The most active community outside of the United States is Sistema B. Since 2012, Sistema B has been the adaptation of the B Corps movement in Latin America, including in Argentina, Chile and Colombia; this non-profit adapts proprietary certifications and evaluation metrics and modifies both to the context of each country. B Lab assists Sistema B in incorporating a benefit corporation distinction into local legal systems. Low-profit limited liability company Social purpose corporation André, Rae. "Assessing the Accountability of the Benefit Corporation: Will This New Gray Sector Organization Enhance Corporate Social Responsibility?". Journal of Business Ethics. 110: 133–150. Doi:10.1007/s10551-012-1254-1. Boatright, John R.. "What's Wrong—and What's Right—with Stakeholder Management". Journal of Private Enterprise. 21: 106–130. Davis, Kevin E..
Mishawaka is a city on the St. Joseph River, in Penn Township, St. Joseph County, in the U. S. state of Indiana. The population was 48,252 as of the 2010 census, its nickname is "the Princess City." Mishawaka is a principal city of the South Bend -- IN-MI, Metropolitan Statistical Area. Mishawaka’s recorded history began with the discovery of bog iron deposits at the beginning of the 1830s. Settlers arriving to mine the deposits founded the town of St. Joseph Iron Works in 1831. Within a few years, the town had a blast furnace, a general store, a tavern, about 200 residents. Business prospered, in 1833 St. Joseph Iron Works, Indiana City, two other adjacent small towns were incorporated to form the city of Mishawaka; the Mishawaka post office has been in operation since 1833. In September 1872, a fire destroyed three quarters of Mishawaka’s business district. However, the citizens attracted new industry; the Dodge Manufacturing Company, Perkins Windmills and the Mishawaka Woolen and Rubber Company all helped the town to prosper.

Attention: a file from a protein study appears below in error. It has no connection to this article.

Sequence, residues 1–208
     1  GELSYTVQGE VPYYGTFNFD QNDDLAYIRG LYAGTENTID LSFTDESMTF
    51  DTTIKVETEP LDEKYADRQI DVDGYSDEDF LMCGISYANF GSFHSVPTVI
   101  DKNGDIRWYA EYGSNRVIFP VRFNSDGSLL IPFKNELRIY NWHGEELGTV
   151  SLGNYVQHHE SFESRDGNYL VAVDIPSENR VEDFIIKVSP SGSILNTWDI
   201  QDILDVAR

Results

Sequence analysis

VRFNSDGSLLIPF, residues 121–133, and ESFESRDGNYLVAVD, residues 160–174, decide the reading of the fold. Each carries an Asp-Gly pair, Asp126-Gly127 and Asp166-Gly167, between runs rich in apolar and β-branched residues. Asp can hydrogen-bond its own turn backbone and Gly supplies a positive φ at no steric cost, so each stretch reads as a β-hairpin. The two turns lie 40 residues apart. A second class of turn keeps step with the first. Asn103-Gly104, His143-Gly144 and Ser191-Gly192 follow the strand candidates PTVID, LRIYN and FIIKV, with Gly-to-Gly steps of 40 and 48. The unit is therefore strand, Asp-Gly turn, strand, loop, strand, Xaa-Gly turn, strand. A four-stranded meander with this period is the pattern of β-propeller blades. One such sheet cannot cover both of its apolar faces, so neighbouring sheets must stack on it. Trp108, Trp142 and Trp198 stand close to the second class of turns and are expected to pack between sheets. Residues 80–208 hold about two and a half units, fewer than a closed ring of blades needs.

Mishawaka grew through both agriculture. In the late 19th century, Mishawaka became known as the "Peppermint Capital of the World", since the area's rich black loam produced great quantities of mint. From 1906 to 1915, Mishawaka was the manufacturing home of the luxurious American Simplex motor car. Four American Simplex autos entered the first Indianapolis 500 in 1911. One Simplex crashed, killing the mechanic riding with the driver, while the other Mishawaka cars finished sixth and twentieth. Ball Band made rubber garments and was hit by a major strike in 1931, it flourished in the 1940s closing in 1997 in the face of cheaper imports. Manufacturing in Mishawaka peaked in the 1940s and began a slow decline due to industrial restructuring; the economic base shifted to small industry. In 1979, University Park Mall opened north of Mishawaka. In 1990, AM General began producing the Hummer in its Mishawaka plant; the MV-1 replaces the planned Standard Taxi. The car is built in Mishawaka at an AM General plant.
AM General will begin making Mercedes vehicles at this plant in 2015. A Business Week Magazine Best Place to Raise Your Kids 2010: Indiana Old-fashioned neighborhoods are found across the city. Many of the newer residential subdivisions that have been developed within the city in recent years have adopted design guidelines to produce the "hometown" neighborhood feel and encourage community spirit; the city continually develops new neighborhood park and recreation facilities. A total of 29 parks allow Mishawaka residents to golf, play ball and exercise. In 1968, the city opened an outdoor Olympic-size swimming pool and an adjacent ice skating rink at Merrifield Park. On the south side, Mishawaka's George Wilson Park is home to the city's most popular winter toboggan spot, as well as an 18-hole frisbee golf course; some of the city's Italian immigrants and their descendants still play traditional games such as bocce, a few ethnic Belgians continue to raise and race homing pigeons. The city hosted the nation's oldest and largest wiffleball tournament, the World Wiffle Ball Championship, from 1980-2012.